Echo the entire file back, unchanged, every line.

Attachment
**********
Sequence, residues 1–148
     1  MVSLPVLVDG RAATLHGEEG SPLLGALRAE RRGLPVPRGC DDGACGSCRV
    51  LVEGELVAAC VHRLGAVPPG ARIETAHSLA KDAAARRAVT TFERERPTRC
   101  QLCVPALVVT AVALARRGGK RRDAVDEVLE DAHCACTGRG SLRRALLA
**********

Sequence, residues 1–148
     1  MVSLPVLVDG RAATLHGEEG SPLLGALRAE RRGLPVPRGC DDGACGSCRV
    51  LVEGELVAAC VHRLGAVPPG ARIETAHSLA KDAAARRAVT TFERERPTRC
   101  QLCVPALVVT AVALARRGGK RRDAVDEVLE DAHCACTGRG SLRRALLA